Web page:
Home in Focus: Pretty in pink... and yellow and white and orange too

The Straits Times Picture Desk captures the streetscape here as it receives a beautiful infusion of colours from plants in bloom in 'springtime' Singapore.

Tropical Singapore can spring a surprise on its people - twice a year.

It is now experiencing a "September spring", the second of two flowering seasons each year.

Bloom time is usually triggered when heavy showers occur after a hot and long dry spell. In Singapore, March to April and August to September are the months during which this happens.

Residents are in for a treat now, as species such as the trumpet tree, pink mempat and yellow flame tree are flowering.

Trumpet trees in bloom beside the Singapore River near Kim Seng Road earlier this month. These trees are also commonly known as pink poui, but are often fondly called “Singapore’s cherry blossoms”. ST PHOTO: KELVIN CHNG

The canopy of the Yellow Flame tree, which has bunches of bright yellow blooms measuring about three centimetres in size, along Tiong Bahru Road on Sept 11, 2020. It is widely planted along roadsides for its wide beautiful crown and bright yellow, full blooms which occasionally cover the entire tree. ST PHOTO: KEVIN LIM

And no trying of luck is needed if you want to view them - to find out where the trees in bloom are, log on to the TreeSG website here.

The online platform, which was launched earlier this year, allows the public to share photos of flowering trees.

For instance, those looking to check a tree out can input "trumpet tree" or its scientific name Tabebuia rosea and click on the "Am I flowering?" button on the site to get exact locations.

Pink mempat trees in bloom providing a pretty backdrop at Marine Cove in East Coast Park last week. The tree bears light pink flowers and is a native species that was planted by founding prime minister Lee Kuan Yew in 1963 to mark the start of Singapore’s nationwide tree-planting campaign. ST PHOTO: ONG WEE JIN

An overhead bridge in Lorong 1 Toa Payoh last Wednesday, decked in bougainvillea that had blossomed profusely in the recent wet weather. Bougainvillea is grown extensively in Singapore because it is a plant that flowers all year round in the Republic’s hot and wet weather conditions. ST PHOTO: MARK CHEONG

Garlic vines blooming outside Nanyang Polytechnic in Ang Mo Kio Avenue 8 last Thursday. These plants are woody climbers with odourless leaves that give off a distinct garlic smell only when crushed, thus earning them the common name garlic vine. ST PHOTO: CHONG JUN LIANG

There are about 15,000 Tabebuia rosea trees in Singapore, and some spots to enjoy the beautiful blooms are Bedok Road, Punggol Park, Bishan-Ang Mo Kio Park and the Singapore River Promenade.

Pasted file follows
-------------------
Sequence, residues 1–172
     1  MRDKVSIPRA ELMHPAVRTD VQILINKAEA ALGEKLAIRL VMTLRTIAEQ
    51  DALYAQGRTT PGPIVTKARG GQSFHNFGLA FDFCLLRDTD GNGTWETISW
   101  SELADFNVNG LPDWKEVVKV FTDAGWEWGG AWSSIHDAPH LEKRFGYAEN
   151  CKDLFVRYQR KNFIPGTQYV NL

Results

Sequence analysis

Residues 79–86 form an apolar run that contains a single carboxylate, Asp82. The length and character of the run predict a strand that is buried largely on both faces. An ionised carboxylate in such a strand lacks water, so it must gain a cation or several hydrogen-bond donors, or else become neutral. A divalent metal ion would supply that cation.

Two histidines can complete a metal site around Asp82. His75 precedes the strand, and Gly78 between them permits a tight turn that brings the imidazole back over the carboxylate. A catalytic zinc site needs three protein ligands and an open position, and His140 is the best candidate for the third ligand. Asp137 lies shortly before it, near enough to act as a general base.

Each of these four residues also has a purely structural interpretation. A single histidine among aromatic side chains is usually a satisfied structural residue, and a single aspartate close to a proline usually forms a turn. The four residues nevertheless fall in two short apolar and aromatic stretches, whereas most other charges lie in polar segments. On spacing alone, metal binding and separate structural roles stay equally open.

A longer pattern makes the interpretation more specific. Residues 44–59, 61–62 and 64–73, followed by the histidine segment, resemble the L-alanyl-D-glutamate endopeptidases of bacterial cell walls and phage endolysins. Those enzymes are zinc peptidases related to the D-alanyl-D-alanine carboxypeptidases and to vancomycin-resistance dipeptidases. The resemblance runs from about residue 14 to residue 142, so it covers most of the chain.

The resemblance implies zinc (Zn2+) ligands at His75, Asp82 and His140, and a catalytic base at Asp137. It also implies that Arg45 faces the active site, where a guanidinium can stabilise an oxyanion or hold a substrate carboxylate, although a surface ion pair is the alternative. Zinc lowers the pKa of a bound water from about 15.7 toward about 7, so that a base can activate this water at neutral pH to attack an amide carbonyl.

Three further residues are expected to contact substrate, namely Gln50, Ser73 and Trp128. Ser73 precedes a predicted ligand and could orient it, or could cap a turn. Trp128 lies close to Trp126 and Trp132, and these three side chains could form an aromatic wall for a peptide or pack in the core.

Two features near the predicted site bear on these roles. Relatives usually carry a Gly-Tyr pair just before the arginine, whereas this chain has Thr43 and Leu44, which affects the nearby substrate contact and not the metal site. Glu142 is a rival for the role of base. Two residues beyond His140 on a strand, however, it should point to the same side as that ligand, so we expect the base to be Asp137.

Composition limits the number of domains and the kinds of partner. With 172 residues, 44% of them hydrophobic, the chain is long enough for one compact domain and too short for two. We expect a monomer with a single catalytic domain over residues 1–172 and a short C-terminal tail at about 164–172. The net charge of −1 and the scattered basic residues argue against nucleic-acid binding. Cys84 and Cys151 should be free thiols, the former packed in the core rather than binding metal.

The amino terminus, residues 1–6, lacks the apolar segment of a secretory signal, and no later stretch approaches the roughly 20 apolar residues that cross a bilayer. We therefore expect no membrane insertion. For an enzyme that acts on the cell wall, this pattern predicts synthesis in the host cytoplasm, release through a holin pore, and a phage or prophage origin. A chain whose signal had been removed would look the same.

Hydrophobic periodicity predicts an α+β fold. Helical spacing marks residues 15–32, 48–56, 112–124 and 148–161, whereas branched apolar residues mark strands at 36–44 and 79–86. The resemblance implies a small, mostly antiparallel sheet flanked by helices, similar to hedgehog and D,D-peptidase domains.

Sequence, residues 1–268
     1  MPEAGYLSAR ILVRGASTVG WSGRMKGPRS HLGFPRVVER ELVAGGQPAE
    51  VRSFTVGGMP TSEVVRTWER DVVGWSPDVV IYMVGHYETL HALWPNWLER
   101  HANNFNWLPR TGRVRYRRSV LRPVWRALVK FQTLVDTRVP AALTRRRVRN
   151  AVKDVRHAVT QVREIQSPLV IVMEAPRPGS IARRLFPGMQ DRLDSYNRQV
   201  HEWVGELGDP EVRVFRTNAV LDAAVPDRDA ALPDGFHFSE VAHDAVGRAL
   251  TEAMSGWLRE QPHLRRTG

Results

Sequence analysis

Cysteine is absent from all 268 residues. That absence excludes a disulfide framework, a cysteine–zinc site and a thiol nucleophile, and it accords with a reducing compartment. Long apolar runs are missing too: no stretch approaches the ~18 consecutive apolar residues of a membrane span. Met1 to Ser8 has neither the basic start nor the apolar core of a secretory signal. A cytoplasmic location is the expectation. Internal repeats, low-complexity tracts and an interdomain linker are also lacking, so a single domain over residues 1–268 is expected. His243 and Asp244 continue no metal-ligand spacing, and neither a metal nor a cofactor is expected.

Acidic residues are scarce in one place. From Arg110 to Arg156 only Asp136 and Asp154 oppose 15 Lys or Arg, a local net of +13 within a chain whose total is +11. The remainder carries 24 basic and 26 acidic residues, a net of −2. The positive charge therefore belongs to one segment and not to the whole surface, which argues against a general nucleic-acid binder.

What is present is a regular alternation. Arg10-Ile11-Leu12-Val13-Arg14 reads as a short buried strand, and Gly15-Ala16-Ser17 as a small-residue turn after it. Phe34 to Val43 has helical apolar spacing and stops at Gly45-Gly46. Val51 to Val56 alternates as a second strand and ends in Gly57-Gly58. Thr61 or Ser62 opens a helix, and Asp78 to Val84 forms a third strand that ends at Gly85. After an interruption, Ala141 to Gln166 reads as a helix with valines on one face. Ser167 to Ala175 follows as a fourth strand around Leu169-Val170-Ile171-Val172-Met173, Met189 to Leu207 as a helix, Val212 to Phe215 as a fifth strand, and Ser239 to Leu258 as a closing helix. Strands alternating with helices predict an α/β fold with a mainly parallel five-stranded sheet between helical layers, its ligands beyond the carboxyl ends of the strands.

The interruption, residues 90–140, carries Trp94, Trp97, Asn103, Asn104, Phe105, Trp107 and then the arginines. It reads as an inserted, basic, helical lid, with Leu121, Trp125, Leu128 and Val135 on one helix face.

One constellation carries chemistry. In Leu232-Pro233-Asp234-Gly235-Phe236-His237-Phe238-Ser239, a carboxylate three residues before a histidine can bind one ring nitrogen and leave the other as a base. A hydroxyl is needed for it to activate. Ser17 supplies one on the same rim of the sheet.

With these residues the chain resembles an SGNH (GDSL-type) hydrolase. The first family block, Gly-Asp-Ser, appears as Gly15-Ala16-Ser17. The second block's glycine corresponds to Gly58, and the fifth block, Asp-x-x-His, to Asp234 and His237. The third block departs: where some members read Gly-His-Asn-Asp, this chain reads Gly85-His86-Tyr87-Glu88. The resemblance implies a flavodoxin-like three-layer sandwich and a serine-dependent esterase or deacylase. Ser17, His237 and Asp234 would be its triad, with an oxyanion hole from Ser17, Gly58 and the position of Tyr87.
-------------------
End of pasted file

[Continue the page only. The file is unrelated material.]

Mr Oh Cheow Sheng, group director of streetscape at the National Parks Board, said: "We have been very encouraged by the response to trees.sg where members of the public have been sending Treemails to their favourite trees and giving them virtual hugs. We urge more people to explore the platform to learn more about our trees and how they are cared for."

Bougainvillea on an overhead bridge at Bishan Road near Bishan park on Sept, 2020. Bougainvillea is commonly found around the island, especially on overhead bridges and highways. It is grown extensively in Singapore because it flowers all year in hot and wet weather. ST PHOTO: CHONG JUN LIANG

Trumpet Trees (Tabebuia rosea) blooming along the Singapore River near Kim Seng Road on Sept 4, 2020. These large and showy flowers bear five petals and create an impressive flowering display. When they fall, they retain their colour for a few days, forming a spectacular pink or white carpet around the tree. ST PHOTO: KELVIN CHNG

Apart from the seasonal blooms, there are also plants that flower all year round, such as the bougainvillea; or exhibit flushes of young, reddish leaves, such as the tropical crepe myrtle and kelat oil.

The flowering seasons have settled into a rhythm in Singapore - for now.

In general, plants evolve to respond physiologically to changes in the environment, and flowering patterns will change in line with increased climate variability.

Cratoxylum maingayi tree in full bloom at Jurong Lake Gardens on Sept 09, 2020. The tree can grow up to 10 m tall. The flowers have pale pink or white petals and are insect-pollinated.ST PHOTO: LIM YAOHUI

Yellow trumpet flowers seen outside Maybank Tower at Fullerton Square on Sept 11, 2020. Slightly fragrant, its flowers are trumpet-shaped, bright yellow of up to 5 cm long. ST PHOTO: DESMOND WEE

Other environmental factors affecting flowering include temperature, light and moisture levels.

An outing to view the flowers in bloom is one way to still stop and smell the roses, with the coronavirus pandemic effectively putting a stop to leisure travel.

The flowers of these glossy shower trees adding some colour to this stretch of Commonwealth Avenue last Thursday. The trees are able to grow up to 7m tall, providing shade to pedestrians.ST PHOTO: JASON QUAH

People cycling past Bougainvillea Garden at East Coast Park during the September school holidays on Sept 7, 2020. Bougainvillea is a native plant of tropical South America. Its common name is Paper Flower. ST PHOTO: ONG WEE JIN